- Guaicuruan languages
Infobox Language family
Argentina, western Paraguay, southern Brazil
Guaicuruan (also Guaykuruan, Waikurúan, Guaycuruano, Guaikurú, Guaicurú, Guaycuruana) is a
language familyspoken in northern Argentina, western Paraguay, and Brazil( Mato Grosso do Sul).
Guaicuruan consists of 7 languages:
: A. Guaykurú branch:: 1.
Kadiweu(also known as Caduveo, Kadiwéu, Mbayá-Guaycuru, Mbayá, Guaicurú, Waikurú, Ediu-Adig): B. Southern branch:: 2. Pilagá(also known as Pilacá):: 3. Toba (also known as Qom, Chaco Sur, Namqom):: 4. Mocoví(also known as Mbocobí, Mokoví, Moqoyt):: 5. Abipón (also known as Callaga, Kalyaga, Abipon) "(†)": C. Eastern branch:: 6. Guachí(also known as Wachí) "(†)":: 7. Payaguá(also known as Payawá) "(†)"
Abipón, Guachí, and Payaguá all are extinct.
Harriet Klein argues against the assumption that Kadiweu is Guaicuruan. Most others accept the inclusion of Kadiweu into the family.
The Toba language here should not be confused with the
Mascoy languageof the Mascoyanfamily which is also called "Toba" (or "Toba-Emok", "Toba-Maskoy").
The Waikurúan language family has two branches: (a) the Waikurúan Branch, which includes Mbayá and its descendent Kadiwéu;
(b) the Southern Branch, which comprises four other languages: Toba, Pilagá, Mocoví, and Apibón.
*Toba is spoken in the eastern part of the Chaco and Formosa provinces of Argentina, in southern Paraguay, and in the eastern part of Bolivia; there are approximately 25,000 speakers.
*Pilagá, with about 4,000 speakers, is spoken in the northeastern part of Chaco province, and in eastern Formosa, Argentina;
*Mocoví, with about 7,000 speakers, is spoken in Argentina in the northern part of Santa Fe and southern Chaco provinces.
*Abipón, which was spoken in the eastern part of Chaco province, Argentina, is now extinct and was very closely related to the other languages in this branch.
Jorge Suárez includes Guaicuruan with Charruan in a hypothetical "Waikuru-Charrúa" stock.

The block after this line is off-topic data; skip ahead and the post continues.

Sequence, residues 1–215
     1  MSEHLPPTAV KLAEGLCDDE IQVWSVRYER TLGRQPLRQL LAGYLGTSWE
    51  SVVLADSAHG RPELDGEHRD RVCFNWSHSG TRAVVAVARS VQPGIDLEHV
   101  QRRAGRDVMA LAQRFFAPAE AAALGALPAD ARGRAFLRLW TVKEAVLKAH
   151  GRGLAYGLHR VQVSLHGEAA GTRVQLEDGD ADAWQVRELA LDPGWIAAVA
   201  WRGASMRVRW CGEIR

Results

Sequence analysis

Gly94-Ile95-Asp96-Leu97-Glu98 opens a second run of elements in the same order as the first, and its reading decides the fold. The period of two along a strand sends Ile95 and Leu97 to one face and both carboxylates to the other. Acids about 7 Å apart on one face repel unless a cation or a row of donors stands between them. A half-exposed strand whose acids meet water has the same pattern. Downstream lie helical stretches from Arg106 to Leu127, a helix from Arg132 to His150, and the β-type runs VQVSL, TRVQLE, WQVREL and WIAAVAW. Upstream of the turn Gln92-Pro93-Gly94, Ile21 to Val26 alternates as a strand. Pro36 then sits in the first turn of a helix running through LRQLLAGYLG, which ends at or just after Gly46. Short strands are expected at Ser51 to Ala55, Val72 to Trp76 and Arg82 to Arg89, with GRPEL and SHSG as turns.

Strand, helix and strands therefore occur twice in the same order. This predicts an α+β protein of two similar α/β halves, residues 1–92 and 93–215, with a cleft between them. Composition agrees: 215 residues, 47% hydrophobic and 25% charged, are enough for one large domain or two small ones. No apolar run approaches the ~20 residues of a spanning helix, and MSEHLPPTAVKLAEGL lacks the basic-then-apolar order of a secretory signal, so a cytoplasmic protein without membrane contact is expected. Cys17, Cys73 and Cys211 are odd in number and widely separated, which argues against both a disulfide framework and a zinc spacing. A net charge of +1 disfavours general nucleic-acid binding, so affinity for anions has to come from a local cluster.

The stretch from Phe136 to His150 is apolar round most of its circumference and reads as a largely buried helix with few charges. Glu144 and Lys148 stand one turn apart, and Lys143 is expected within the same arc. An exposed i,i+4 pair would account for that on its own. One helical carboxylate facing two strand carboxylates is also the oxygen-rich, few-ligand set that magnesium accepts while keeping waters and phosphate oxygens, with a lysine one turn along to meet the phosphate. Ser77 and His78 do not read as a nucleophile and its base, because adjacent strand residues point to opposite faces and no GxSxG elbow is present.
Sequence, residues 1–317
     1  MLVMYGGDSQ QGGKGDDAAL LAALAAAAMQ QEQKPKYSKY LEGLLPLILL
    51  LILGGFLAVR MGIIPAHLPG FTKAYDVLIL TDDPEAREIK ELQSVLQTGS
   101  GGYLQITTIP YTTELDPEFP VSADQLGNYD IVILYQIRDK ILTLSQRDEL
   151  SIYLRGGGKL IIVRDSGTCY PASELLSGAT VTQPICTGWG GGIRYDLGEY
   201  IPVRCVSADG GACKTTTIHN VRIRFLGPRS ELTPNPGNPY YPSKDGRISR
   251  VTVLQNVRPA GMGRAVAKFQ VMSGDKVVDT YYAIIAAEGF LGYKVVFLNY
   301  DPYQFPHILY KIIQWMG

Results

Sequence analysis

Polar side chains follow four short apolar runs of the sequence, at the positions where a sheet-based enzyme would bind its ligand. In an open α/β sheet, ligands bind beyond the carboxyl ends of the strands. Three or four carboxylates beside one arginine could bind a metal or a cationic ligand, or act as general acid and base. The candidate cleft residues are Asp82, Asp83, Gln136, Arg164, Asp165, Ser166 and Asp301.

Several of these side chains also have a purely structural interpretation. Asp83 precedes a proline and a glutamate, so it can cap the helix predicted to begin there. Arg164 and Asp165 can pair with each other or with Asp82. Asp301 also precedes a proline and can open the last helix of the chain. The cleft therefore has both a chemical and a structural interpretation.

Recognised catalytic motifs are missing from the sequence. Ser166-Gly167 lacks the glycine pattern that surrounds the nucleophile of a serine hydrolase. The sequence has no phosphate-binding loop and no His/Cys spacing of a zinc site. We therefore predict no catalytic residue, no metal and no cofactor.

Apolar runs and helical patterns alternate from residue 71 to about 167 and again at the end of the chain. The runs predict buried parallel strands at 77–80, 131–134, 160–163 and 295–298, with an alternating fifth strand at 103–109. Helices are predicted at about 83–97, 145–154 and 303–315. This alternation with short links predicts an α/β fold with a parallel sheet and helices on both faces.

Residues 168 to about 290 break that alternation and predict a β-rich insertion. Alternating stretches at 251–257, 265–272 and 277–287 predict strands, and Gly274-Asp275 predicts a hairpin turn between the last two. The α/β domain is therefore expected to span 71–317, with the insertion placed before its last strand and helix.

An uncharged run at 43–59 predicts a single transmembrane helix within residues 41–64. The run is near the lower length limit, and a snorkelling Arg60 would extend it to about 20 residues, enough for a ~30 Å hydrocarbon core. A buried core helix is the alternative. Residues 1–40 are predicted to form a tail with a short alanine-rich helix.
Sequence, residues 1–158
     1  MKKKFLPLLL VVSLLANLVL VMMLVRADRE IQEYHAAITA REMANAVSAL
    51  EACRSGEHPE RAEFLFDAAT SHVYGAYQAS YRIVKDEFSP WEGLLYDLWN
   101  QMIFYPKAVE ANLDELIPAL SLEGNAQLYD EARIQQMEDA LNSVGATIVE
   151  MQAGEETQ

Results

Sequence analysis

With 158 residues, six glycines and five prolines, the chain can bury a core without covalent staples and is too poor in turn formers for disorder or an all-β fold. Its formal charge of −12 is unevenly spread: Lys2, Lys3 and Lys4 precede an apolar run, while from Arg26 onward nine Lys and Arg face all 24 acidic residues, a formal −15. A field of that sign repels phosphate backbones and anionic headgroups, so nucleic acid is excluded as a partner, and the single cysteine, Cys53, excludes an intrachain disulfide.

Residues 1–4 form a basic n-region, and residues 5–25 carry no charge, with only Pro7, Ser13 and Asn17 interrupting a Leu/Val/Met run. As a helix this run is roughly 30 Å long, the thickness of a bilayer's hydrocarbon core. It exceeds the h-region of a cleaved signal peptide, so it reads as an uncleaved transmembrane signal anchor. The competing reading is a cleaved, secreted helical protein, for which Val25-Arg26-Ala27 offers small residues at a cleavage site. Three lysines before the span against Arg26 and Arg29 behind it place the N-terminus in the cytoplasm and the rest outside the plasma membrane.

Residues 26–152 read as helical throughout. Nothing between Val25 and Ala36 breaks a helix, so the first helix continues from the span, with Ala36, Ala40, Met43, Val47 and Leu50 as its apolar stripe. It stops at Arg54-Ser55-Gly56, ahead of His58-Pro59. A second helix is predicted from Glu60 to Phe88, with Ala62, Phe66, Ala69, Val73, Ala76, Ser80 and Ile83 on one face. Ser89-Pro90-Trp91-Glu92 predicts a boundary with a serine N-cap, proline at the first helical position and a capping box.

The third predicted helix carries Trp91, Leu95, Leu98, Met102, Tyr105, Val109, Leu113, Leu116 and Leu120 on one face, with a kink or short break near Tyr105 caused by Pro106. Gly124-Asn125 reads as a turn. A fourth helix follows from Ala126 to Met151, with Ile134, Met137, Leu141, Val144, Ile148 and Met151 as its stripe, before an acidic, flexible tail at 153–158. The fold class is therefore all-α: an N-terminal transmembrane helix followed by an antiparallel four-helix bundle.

Morris Swadeshincludes Guaicuruan along with Matacoan, Charruan, and Mascoyanwithin his "Macro-Mapuche" stock. Joseph Greenbergplaces Guaicuruan within a "Mataco-Guaicuru" grouping similar to Swadesh's Macro-Mapuche with the exception that his Mataco-Guaicuru also includes Lule-Vilela. Mataco-Guaicuru is then connected with Panoan, Tacanan, and Mosetenanin his larger "Macro-Panoan" phylum.
Kaufman (1990) suggests that the Guaicuruan-Matacoan-Charruan-Mascoyan-Lule-Vilela proposal deserves to be explored — a grouping which he calls "Macro-Waikurúan". Kaufman's (1994) Macro-Waikurúan proposal excludes Lule-Vilela.
* Ethnologue: [http://www.ethnologue.com/show_family.asp?subid=90646 Mataco-Guaicuru, Guaicuruan]
* Proel: [http://www.proel.org/mundo/waikuruan.htm Familia Guaycuruana]
* Adelaar, Willem F. H.; & Muysken, Pieter C. (2004). "The languages of the Andes". Cambridge language surveys. Cambridge University Press.
* Campbell, Lyle. (1997). "American Indian languages: The historical linguistics of Native America". New York: Oxford University Press. ISBN 0-19-509427-1.
* Gordon, Raymond G., Jr. (Ed.). (2005). "Ethnologue: Languages of the world" (15th ed.). Dallas, TX: SIL International. ISBN 1-55671-159-X. (Online version: http://www.ethnologue.com).
* Greenberg, Joseph H. (1987). "Language in the Americas". Stanford: Stanford University Press.
* Kaufman, Terrence. (1990). Language history in South America: What we know and how to know more. In D. L. Payne (Ed.), "Amazonian linguistics: Studies in lowland South American languages" (pp. 13-67). Austin: University of Texas Press. ISBN 0-292-70414-3.
* Kaufman, Terrence. (1994). The native languages of South America. In C. Mosley & R. E. Asher (Eds.), "Atlas of the world's languages" (pp. 46-76). London: Routledge.
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